lan40n Office lOa Soho Square london. W.I
T ,HE GRAMOPHONE Incorporating VOX, THE RADIO CRITIC and BROADCAST REVIEW
COMPTON MACKENZIE and CHRISTOPHER STONE
Telephone Gerrard 2136, 2137
r.I.,rams Parmaxto. Rath. london
My Editorial this month must take the form of an apology. First of all I must ask the many corre spondents who have written to me on all sorts of topics connected with the gramophone to forgive my not answering their letters. The fact is I have really had to give up answering all letters for the last three months in order to finish the second volume of this huge novel I am writing. The trouble with me is I am interested in so many things that besides the advice and help which every well-known author gets asked for I am involved in correspondence upon about a dozen other topics. I have always made i t a rule to give precedence to correspondents about the gramo phone, but even from those correspondents I must now plead mercy. If a man is writing eight hours a day at a book for six months at a stretch, and if he knows that his failure to deliver the goods in t ime will involve his publisher in a serious loss, his mind cannot deal with correspondence. So will every reader who has taken the trouble to write to me and received no acknowledgment believe me when I tell him that i t is not lack of interest in what he has written or lack of appreciation of his interest, but the fear of surrendering to the interest I feel and so taking up t ime that I must devote to this book.
My second apology is a corollary to the first. Unless I were feeling extremely t ired I should not have allowed myself to attribute to Kreisler praise that was due to Heifetz. The whole point of making that particular allusion was my delight in the triumph of a violinist whom I have admired intensely from the first record of his I heard in pre-electric days. Anyway, I don't regret the mistake because i t gives me an opportunity of again drawing attention to this magnificent performance and recording of Tchaikovsky's Violin Concerto.
Mr. Richardson Brown, who wrote to me about the Nagasheff Concert Reproducer, has written me an open letter which I hope will interest our readers. I don't know whether i t will be possible to arrange a demonstration of this reproducer in this country, but Mr. Richardson Brown is so obviously a genuine enthusiast that our expectations have been roused, and i t will be a disappointment if we do not get an opportunity of hearing it.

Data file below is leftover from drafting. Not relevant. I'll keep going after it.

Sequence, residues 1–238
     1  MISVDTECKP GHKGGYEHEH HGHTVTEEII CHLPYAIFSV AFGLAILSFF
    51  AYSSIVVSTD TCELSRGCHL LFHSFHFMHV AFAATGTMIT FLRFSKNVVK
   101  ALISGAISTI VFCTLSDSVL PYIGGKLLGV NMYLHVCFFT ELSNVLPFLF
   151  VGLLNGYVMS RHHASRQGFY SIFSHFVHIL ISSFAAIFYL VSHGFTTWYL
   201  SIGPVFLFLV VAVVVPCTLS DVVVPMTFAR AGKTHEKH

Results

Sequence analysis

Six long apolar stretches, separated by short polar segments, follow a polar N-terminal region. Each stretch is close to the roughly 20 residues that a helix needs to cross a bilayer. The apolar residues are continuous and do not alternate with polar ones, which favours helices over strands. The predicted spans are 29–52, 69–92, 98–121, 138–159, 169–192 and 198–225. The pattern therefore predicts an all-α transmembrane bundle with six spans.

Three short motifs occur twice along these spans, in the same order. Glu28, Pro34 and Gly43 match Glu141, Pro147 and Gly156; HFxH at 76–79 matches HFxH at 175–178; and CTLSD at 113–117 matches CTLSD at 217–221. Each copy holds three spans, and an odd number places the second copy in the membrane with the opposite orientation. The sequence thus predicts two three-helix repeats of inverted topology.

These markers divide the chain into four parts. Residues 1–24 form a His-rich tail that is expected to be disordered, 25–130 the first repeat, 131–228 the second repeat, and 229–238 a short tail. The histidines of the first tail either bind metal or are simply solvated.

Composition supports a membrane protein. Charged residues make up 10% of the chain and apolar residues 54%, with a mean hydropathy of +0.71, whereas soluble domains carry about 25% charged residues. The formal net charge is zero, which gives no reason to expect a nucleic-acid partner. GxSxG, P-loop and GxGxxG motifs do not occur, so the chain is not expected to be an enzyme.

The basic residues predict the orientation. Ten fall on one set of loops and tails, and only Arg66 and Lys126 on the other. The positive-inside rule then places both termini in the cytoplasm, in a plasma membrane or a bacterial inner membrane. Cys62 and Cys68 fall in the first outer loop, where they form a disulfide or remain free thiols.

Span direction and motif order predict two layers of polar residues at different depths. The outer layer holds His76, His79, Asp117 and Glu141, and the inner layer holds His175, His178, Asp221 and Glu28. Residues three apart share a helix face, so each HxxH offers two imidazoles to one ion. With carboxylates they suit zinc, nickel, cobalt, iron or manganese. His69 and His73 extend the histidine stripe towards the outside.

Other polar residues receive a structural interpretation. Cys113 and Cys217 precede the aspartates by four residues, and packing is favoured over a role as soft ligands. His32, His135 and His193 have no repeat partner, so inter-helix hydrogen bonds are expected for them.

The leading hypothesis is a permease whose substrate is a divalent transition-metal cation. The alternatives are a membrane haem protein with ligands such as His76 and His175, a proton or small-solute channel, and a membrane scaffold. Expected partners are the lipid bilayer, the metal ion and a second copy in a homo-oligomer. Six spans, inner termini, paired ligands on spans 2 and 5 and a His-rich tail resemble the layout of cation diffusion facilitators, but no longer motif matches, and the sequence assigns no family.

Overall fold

AN OPEN LETTER TO MR. COMPTON MACKENZIE
My dear Mr. Mackenzie,
May 9, 1937
I wish to thank you for your mention of the Nagasheff Concert Reproducer in the :March issue of THE GRAMOPHONE; not nearly so much because your o""n reaction was so gratifying, in that you printed the statement verbatim, but because you yourself stood not to gain one cent of revenue in advertising response or the usual encomia of the average editor.
I regret that I could not f'ltlfil the implication contained in vour comment anv sooner.
The Nagasheff C~ncert Reproducer was the invention of a young Russian genius whose career was cut short by death at the very moment when his life-work seemed ready for realization. Among his inventions was the secret use of radio tubes which reproduces tone with uncanny rectitude, which presents with truly amazing fidelity the actual work of the performing artist by discs.
A much esteemed English correspondent makes the following comment: "If. the word miles is literally true, I can only say that such a machine would add a new terror to existence since i t would be impossible to get far enough away from it (were i t to become a 'popular' instrument for household purposes) in order to obtain a little peace. I also note that Wellesley College has three uf them- which, you will admit, could be rough luck on the immediate neighbours if they all played at once! ! ! "
Either this is your well-known Ehglish conservatism, quite justifiable under the circumstances, or I expressed myself badly.
If the latter, let me say that this was not intended to show the entire resources, but simply to show possibilities.
This instrument can indeed produce a huge volume of tone which could make even your Royal Albert Hall ring, but i t can also be reduced to a volume not out of place in the smallest home, without loss of tone or tonal values.
The vibrations set up are so slight, however, that even with the unsurpassed Burmese needle, the wear on the point, and on the surface of the disc itself, is hardly perceptible.
The \Vellesley College has eight of these instruments, the Harvard Psychological Laboratory uses one as an indispensable part of its equipment, and there are installations in some of the most famous private homes in America.
That is not to say that in but rare instances is the instrument played at anywhere near its full power, except, of course, at the large outdoor festivals held at the college each spring, when i t supplants a full orchestra, and is